Their life certainly sounds quite interesting. And I was most interested to read the tidbits you shared. How fascinating! I will edit and correct the info re Florence accordingly. Re the spaced-out air of melancholy : that’s just my impression, solely judging from the photos and without any scholarly or otherwise research – and I certainly don’t give it the credence of fact, nor do I think it will be taken as such by anyone who reads here. I would normally not edit what is simply my take on a matter, but since I get the feeling that it is something of importance to you, and I would like to fully respect that, I will delete it.

      I appreciate the feedback, history and info!

      • dear both – love the discussion, really fascinating, I actually looked at the photograph a good while trying to see anything germanic – as if one could from a photo – I loved the description spaced-out melancholy – solely from looking at the photo with absolutely no knowledge of anything relevant historically 🙂

  3. Aw I love this series Azita! Thanks so much for sharing the pic of your mom and friends. She’s so beautiful and they are a very accomplished bunch. Thanks also for educating me about Persian wrestling. Very cool. Your pride in your culture and history is contagious. Have a wonderful weekend.

  4. Wow. It all resonates from within when you know where you’re connected no matter whether you had experience it or not. Love the chronology, wish it could continue more maybe even as far as present??
    Thank you for sharing the treasures we all like to cherish.
    Have an awesome & warm weekend.
    Xo

    • For sure. I do hope to make the theme apply to current and contemporary Iran as well. Lots of cool things to share! Sorry for belated response by now too late to wish you a happy weekend but hope it was good! 🙂

    • Oh you made me laugh. I swear. Love the term “mystery tour of Iran”! I do hope to continue it with some minor detours here and there. Thank you! 🙂

    • It can mean hero in a way I suppose but there is similar word “gahraman” which actually means hero. Why do you ask? Does it ring a bell or have you encountered it somewhere?

      And my mom gets her looks from me! 😉 xo

      • Yes, I know of a Malay word “pahlawan” (with W) which means hero. It’s interesting to find it could have originated from an Iranian word. Goes to tell you, how inter-connected different cultures are. I find that comforting. XOXO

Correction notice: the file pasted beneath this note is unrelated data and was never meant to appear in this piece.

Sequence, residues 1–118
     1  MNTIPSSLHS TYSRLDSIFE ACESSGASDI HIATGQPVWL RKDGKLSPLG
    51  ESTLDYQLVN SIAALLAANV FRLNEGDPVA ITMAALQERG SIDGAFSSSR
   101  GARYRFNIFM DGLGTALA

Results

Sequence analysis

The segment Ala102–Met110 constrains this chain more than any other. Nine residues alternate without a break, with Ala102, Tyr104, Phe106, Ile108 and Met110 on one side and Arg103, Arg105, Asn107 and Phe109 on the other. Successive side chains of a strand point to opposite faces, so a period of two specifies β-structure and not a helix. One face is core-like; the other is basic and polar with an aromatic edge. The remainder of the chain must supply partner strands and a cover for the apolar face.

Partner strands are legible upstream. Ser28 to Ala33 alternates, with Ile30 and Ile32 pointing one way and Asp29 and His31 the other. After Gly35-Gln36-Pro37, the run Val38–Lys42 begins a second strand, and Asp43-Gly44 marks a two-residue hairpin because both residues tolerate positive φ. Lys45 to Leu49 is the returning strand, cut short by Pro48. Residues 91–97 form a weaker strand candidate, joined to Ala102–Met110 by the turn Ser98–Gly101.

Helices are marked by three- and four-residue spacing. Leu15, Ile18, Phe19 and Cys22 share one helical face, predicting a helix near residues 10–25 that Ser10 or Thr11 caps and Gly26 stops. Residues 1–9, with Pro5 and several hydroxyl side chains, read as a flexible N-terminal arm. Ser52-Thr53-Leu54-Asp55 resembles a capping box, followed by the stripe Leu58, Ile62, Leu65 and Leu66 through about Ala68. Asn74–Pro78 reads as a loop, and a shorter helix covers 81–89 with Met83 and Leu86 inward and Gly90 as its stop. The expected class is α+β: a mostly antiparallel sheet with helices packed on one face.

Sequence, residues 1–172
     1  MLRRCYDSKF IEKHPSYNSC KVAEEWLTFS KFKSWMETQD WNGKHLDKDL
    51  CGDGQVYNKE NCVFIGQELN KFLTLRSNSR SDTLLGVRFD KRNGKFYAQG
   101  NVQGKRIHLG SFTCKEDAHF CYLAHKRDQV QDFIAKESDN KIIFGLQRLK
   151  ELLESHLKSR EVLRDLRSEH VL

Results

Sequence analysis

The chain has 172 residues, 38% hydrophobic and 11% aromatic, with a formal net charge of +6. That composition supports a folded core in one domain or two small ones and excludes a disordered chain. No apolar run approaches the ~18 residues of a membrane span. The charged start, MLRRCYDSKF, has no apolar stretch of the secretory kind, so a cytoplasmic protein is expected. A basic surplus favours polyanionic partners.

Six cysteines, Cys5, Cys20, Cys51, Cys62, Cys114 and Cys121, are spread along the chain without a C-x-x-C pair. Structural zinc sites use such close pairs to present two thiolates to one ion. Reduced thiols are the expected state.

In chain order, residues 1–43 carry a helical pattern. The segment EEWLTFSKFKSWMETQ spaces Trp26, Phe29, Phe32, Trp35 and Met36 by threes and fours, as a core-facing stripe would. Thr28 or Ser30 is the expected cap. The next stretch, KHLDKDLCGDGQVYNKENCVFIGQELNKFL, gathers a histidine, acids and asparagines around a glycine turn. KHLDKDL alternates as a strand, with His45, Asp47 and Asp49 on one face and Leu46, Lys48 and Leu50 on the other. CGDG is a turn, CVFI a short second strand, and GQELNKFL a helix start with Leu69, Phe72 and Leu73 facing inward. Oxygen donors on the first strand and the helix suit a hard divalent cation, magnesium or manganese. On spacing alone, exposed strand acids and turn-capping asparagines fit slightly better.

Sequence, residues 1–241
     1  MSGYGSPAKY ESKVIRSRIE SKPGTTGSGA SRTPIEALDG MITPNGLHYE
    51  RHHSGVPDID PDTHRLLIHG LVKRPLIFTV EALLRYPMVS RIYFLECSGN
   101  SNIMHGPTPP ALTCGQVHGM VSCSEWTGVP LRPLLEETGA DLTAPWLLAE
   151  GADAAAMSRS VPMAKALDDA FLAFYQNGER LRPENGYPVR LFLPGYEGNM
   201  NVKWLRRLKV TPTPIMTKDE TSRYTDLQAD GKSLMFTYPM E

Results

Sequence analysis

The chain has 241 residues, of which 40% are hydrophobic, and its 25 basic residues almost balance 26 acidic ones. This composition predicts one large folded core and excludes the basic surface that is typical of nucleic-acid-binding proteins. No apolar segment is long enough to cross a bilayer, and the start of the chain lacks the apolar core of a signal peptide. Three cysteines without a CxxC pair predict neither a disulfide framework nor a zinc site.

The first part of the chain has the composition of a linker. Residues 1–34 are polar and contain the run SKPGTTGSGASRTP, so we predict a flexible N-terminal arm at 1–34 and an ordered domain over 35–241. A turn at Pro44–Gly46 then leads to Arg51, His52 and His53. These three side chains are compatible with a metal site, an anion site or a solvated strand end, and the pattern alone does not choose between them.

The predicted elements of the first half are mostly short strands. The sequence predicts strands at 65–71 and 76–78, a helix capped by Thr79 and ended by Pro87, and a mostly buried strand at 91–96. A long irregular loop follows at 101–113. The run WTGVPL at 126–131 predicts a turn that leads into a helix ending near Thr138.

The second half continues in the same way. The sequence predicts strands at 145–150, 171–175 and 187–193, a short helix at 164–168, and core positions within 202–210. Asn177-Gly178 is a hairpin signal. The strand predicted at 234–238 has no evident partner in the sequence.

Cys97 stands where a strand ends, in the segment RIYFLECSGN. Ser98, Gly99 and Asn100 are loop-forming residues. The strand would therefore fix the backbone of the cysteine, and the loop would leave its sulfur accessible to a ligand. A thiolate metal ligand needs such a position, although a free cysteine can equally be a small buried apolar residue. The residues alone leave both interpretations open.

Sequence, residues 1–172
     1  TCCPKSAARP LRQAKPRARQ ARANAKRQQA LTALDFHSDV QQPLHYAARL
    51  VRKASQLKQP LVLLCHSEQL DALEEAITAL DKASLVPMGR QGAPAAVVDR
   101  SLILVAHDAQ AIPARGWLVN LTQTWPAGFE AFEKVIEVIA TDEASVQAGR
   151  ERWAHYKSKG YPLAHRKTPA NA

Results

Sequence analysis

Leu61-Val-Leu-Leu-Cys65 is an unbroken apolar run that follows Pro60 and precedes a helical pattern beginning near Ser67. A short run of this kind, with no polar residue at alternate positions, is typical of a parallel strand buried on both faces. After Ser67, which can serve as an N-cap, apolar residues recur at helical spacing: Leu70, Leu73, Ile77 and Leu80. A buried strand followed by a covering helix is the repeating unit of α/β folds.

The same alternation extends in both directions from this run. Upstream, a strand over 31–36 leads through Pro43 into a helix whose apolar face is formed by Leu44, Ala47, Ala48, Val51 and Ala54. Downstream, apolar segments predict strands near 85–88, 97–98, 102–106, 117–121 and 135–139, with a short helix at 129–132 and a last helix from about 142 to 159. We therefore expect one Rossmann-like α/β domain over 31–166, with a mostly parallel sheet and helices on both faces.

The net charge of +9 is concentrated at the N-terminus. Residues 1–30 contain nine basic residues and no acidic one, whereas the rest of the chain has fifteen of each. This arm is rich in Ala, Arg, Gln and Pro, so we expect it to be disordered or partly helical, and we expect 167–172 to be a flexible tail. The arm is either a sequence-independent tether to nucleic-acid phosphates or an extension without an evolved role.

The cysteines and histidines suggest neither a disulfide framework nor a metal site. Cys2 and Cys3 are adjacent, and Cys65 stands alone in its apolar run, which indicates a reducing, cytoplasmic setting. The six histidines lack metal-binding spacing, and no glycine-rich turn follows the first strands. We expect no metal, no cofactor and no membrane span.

PS. You and your mom got them from your grand mom, how’s that? Lol.

  5. Fascinating pictures! About the pahlavan fighters, my husband, who is from india, says that in hindi a “pahlavan” is a way of calling a strong guy. The persian culture is definitely present in many other ways in india: among them the “irani cafes” which are reputed in many cities, like Mumbay, he says.
    We look forward to learn more about irani traditions through your posts!

    • Yes! That’s how we use the word “pahlavan” as well. to refer to a strong guy. But sometimes used sarcastically. Like if someone can’t lift something or whatnot, someone might say : what a pahlavan!

      I do so wish to one day make a good long trip to India and now will have to add visiting “irani cafes” to the list of things to visit.

      thank you so much for sharing this with me. I loved it!

  6. Love the ambassador’s photo. His coat and his tunic look fabulous of course! The photo of Liz is a gem. I feel for the poor eunuch although I find that figure fascinating and inhuman at the same time. What a nice group of lovely ladies! Five BFFs? Your mother is very lucky!

    • I know, it’s heartbreaking thinking about the fate of the eunuchs. I don’t think this was ever a tradition in the Western world, was it? But on to a much nicer less castrating topic: yes my mom really lucked out with her friends! 🙂

      • Oh, of course! Thank you for pointing this out, Candace! Looks like the practice has a deep and eclectic history.

  7. What a delight to see “The Khan” and his wife Florence Breed in your post. Both of them much beloved by the Baha’i community, and I think you would really enjoy the writings of their daughter Marzieh Gail who was a scholar, world traveller, writer, biographer, and a translator of impeccable quality. She broke barriers her whole life long. Her stories of growing up in a Persian American family are wonderful. In my own little history project, I recently found Florence’s grave and put up a memorial to her, Marzieh and Ali Kuli Khan on Find a Grave:

    Here is Marzieh: http://www.findagrave.com/cgi-bin/fg.cgi?page=gr&GSmcid=47629018&GRid=112651854&

    Here is Florence: http://www.findagrave.com/cgi-bin/fg.cgi?page=gr&GRid=38929590

    And here is the Khan: http://www.findagrave.com/cgi-bin/fg.cgi?page=gr&GRid=38929590

    I have not yet been able to get a photo of the gravesite of Ali Kuli Khan and when I do, if his name if different on the grave, I’ll change it on the memorial.

    There are bulging files of letters in our Archives from Abdu’l-Baha in Palestine to the early American Baha’is that were translated by Ali Kuli Khan. He was, throughout his long life, invaluable.

Leave a Reply

Fill in your details below or click an icon to log in:

WordPress.com Logo

You are commenting using your WordPress.com account. Log Out / Change )

Twitter picture

You are commenting using your Twitter account. Log Out / Change )

Facebook photo

You are commenting using your Facebook account. Log Out / Change )

Google+ photo

You are commenting using your Google+ account. Log Out / Change )

Connecting to %s

%d bloggers like this: